Hertfordshire education bosses look to Spring term ‘with some dread’, cllrs told
The operations director gave the update to members of the county council’s overview and scrutiny committee
Education officials in Hertfordshire are looking towards the Spring term “with some dread” as the number of Covid-19 cases in schools continue to rise, councillors have been told.
In just the past two weeks there has been at least one case of Covid-19 recorded in EVERY one of the county’s 80 secondary schools.
Eleven secondary schools have recorded 30 or more cases – and a further five have recorded at least 20.
Attendance rates in secondary schools across the county are now down to an average of 84 per cent. And that means one in every six pupils – equivalent to five in every class – are absent.
However attendance rates are higher in primary and special schools, running at 91 per cent and 89 per cent.
Operations director Simon Newland gave the update to members of the county council’s overview and scrutiny committee on Friday, December 11.
He told councillors that attendance had ‘clearly deteriorated’ in the county over the past six weeks.
And he reported that an ‘aggregate’ in excess of 10,000 pupil had been asked to self isolate.
But he said schools had had different experiences – suggesting that some schools had ‘hardly been touched’.
“Some of our secondaries have been very heavily impacted – more so than our primary schools. We have in aggregate over the 10,000 pupils out self-isolating.
“Within that there are one or two schools who have barely been touched – so its a very differential experience within the schools community.
“What we do know from our overall infection management and control activities – that’s the corporate activities – is that the infection rates amongst 12 to 16 year-olds are rising at the moment very rapidly.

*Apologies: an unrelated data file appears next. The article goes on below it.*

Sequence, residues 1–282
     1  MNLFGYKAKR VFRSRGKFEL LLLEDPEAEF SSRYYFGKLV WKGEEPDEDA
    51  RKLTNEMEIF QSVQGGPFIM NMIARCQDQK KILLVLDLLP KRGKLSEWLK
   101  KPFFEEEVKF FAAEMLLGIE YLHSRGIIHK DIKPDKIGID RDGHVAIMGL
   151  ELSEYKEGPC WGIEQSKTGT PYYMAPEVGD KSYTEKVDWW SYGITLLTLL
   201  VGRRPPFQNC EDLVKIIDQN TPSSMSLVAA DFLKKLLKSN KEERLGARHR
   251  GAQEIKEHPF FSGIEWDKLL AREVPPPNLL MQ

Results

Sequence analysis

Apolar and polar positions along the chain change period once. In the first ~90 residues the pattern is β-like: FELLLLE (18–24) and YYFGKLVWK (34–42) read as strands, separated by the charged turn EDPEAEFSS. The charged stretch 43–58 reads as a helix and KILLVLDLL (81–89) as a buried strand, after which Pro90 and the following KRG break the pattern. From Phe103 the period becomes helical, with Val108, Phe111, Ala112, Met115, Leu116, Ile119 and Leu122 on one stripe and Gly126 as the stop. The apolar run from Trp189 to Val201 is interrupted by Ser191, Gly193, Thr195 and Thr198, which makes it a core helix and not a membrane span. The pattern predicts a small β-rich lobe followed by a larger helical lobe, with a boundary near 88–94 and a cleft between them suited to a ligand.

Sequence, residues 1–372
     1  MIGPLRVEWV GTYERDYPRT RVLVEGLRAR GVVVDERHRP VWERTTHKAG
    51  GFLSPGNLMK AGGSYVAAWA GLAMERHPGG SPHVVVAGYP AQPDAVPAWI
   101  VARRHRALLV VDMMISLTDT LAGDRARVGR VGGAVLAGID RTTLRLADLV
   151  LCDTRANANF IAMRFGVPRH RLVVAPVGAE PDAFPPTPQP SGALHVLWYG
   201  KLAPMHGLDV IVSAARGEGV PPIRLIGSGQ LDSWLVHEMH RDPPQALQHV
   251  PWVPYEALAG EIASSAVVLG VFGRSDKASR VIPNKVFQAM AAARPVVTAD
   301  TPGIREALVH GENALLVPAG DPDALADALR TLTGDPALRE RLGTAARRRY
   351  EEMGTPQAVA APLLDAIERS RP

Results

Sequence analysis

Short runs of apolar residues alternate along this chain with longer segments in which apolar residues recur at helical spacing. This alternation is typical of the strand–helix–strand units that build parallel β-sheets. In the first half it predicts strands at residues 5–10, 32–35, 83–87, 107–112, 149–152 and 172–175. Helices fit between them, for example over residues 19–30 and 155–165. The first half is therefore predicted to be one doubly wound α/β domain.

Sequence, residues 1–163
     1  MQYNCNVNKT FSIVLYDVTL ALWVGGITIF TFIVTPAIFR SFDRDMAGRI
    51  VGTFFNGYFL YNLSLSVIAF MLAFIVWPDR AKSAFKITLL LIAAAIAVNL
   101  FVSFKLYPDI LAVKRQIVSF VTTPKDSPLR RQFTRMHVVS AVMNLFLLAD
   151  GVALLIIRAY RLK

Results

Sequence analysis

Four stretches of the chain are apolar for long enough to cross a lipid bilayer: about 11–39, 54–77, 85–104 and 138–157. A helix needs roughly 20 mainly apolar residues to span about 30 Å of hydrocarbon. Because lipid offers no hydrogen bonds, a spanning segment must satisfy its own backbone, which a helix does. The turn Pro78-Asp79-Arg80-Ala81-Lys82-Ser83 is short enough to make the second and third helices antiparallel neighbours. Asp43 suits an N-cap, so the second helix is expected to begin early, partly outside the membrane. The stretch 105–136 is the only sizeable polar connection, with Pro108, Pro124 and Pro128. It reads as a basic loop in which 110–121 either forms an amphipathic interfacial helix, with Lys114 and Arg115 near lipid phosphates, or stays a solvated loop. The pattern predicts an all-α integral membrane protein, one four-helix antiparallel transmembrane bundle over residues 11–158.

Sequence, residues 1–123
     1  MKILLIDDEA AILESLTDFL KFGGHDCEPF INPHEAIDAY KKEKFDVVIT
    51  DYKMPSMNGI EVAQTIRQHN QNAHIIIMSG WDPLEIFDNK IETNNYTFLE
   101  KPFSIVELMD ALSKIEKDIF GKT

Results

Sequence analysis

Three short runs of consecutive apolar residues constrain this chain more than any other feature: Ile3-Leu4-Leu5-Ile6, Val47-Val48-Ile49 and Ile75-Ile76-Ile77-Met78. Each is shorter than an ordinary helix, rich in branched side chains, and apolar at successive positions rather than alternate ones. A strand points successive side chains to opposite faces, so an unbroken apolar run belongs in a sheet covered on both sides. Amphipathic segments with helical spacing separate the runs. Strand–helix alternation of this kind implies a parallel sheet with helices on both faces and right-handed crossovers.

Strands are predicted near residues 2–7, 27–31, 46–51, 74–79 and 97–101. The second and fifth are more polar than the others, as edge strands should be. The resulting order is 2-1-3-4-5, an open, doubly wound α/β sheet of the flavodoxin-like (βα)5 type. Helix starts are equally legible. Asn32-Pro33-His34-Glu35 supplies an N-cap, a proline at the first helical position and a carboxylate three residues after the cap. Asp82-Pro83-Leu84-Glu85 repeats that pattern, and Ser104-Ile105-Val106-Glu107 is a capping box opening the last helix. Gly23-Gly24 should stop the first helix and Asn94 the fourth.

“And I think therefore the scene is set for a very challenging Spring that might even be more challenging than the late part of this term.”
Mr Newland highlighted the mental health and wellbeing support than was being offered to schools by the county, as well as the ‘Back on Track’ programme to help primary pupils.
And he pointed to further planned work to support leader wellbeing and newly qualified teachers, as well as helping schools to deal with Covid-related financial consequences.
He said work would also look at closing pupils’ knowledge and skills gap and preparation for assessment in 2021.
“We are now looking at the Spring term with some dread,” he said.
“But we are looking to the more distant future about how we try to move from crisis mode , more firmly into recovery and then eventually to something approaching normal.”
Welcoming Mr Newland’s remarks, Liberal Democrat Cllr Nigel Quinton said: “I am actually glad to hear Simon using the word “dread” for the Spring term.
“Because I think some realism is really over-due in the challenges facing schools thanks to Covid.”